These reassurances are good, and yet fears of voter intimidation, fake ballot drop boxes and general lack of safety have led some voters to be particularly vigilant in their efforts to cast a ballot. At one ballot drop box in North Portland, voters allegedly questioned the affiliations of the posted security guards and the safety of the drop box itself, according to one source.
In California, this fear has manifested in dueling conflicts over unsanctioned ballot boxes and ballot harvesting, the latter the practice by organizations to collect ballots and deliver them on behalf of voters. The California GOP has admitted to creating the unsanctioned ballot boxes and although they have been warned about the legality of these, the boxes remain. There is no evidence of this currently here in Oregon, and the messaging from voters seems to be they trust one method, in-person delivery of ballots to drop boxes, or another, the returning of ballots by mail. Multnomah County Elections Division, for its part, is suggesting mailing ballots by the end of Tuesday, Oct. 27, no postage required. After that point, they suggest using ballot drop boxes.
Reassurances from history
Voters are justified if they fear for their ballots given the evidence toward partisan violence, exemplified in the constant intrusion into Portland by outside far-right forces like Patriot Prayer and the Proud Boys. Even here, however, there is no evidence of a threat to voters by these groups, or the leftist and anarchist organizations protesting police violence in the blocks adjacent to the Justice Center in Downtown Portland.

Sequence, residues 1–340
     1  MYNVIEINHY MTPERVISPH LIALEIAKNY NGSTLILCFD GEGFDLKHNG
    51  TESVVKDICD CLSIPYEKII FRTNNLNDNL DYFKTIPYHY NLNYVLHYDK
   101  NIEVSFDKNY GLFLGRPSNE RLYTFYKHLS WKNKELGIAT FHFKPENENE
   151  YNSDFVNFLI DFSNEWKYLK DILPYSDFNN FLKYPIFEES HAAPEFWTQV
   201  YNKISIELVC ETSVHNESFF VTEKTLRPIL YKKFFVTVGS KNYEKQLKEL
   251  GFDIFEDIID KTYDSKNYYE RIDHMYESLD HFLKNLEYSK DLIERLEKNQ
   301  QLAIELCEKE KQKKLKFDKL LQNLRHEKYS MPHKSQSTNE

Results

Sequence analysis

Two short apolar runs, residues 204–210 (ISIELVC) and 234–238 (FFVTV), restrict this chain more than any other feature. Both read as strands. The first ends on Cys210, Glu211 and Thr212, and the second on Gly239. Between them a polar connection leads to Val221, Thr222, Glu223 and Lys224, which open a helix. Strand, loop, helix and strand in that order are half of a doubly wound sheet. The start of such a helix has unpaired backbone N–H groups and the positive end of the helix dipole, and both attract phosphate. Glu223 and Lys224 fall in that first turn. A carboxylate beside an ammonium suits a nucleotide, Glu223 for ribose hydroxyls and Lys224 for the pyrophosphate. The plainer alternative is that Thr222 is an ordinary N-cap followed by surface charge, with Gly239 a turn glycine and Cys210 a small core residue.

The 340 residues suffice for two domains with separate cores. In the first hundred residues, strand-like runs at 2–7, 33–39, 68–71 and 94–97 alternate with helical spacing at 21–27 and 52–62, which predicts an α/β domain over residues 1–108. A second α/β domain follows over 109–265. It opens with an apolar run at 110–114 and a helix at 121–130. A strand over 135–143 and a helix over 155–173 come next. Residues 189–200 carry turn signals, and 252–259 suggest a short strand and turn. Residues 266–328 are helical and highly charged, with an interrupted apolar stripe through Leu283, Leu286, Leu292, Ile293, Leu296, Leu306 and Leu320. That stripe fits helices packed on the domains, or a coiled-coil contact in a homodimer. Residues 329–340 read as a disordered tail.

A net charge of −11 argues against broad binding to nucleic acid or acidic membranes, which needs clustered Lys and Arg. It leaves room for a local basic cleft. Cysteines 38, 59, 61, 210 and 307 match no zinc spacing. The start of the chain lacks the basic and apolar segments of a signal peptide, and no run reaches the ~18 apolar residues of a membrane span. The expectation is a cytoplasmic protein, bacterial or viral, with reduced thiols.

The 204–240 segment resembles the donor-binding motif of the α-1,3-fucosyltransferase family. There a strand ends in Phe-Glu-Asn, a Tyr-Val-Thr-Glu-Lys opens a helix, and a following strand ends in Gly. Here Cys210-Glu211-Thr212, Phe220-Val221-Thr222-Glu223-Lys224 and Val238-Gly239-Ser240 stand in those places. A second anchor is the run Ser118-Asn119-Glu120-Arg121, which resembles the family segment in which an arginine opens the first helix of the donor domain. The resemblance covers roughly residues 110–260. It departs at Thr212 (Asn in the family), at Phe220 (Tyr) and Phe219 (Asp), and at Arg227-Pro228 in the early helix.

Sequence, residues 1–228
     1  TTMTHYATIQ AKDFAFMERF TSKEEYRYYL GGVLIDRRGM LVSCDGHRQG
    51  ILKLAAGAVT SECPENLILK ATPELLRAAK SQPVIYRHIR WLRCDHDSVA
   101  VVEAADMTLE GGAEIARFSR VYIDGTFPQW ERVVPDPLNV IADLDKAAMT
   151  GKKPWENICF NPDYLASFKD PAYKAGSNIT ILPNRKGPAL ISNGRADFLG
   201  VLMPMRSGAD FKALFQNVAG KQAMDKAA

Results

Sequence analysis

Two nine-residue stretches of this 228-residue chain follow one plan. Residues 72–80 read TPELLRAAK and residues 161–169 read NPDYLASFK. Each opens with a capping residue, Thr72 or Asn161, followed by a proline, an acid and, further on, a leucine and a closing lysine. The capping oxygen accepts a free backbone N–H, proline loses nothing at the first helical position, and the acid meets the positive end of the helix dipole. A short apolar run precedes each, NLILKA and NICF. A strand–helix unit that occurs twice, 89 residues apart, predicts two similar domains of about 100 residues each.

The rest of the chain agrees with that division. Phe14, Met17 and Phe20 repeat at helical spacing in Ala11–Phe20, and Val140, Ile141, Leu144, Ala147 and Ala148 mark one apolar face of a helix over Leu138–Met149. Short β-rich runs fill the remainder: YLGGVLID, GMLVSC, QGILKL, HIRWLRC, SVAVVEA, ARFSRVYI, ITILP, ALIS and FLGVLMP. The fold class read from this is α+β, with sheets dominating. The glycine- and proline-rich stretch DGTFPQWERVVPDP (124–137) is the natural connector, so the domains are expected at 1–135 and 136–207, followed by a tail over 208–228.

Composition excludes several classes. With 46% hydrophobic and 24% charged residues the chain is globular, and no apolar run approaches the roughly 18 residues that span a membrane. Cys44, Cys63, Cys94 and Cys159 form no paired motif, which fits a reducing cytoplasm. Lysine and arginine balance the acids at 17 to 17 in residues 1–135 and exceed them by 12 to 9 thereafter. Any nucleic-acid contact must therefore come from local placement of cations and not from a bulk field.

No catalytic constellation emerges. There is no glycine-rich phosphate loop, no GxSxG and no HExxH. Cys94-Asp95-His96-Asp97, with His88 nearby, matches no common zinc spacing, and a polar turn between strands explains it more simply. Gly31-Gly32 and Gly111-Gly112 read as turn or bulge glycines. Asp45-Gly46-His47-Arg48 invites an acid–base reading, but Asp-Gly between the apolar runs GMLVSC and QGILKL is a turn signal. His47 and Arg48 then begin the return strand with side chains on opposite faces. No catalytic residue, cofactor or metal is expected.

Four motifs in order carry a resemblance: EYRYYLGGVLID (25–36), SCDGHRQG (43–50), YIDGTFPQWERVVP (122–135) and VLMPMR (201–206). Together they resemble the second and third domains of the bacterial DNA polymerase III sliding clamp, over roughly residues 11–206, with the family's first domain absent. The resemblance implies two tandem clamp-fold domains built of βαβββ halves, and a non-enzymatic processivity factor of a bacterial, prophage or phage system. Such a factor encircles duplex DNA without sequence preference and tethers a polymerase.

Here, too, safety in numbers is an important response to attempted intimidation and the small, albeit violent, militias and far-right activist organizations are a vanishingly small minority that only has any real clout within the auspices of Trump supporters where they form a major constituency.
Voters, particularly those who believe in voting, should recognize that these violent provocations are easily blunted by a mass turnout. Defense of marginalized communities against far-right provocateurs includes protecting their right to vote, should they choose to use it as much as it includes vocal solidarity with these communities.
The historical precedent regarding voter safety being buoyed by turnout is clear when viewed in the frame of various efforts at voter protection and intimidation. In New Jersey in 1981, the Republican National Committee sent a team of 200 attorneys to predominantly Black voting precincts with armed security to challenge tens of thousands of votes, leading to a consent decree prohibiting the practice for 35 years. A year later, in 1982, Black voters in Greensboro, Alabama, were harassed at the polls and defended by Black activists led by Reverend John Nettles who were then subsequently blamed for the alleged intimidation by white public officials.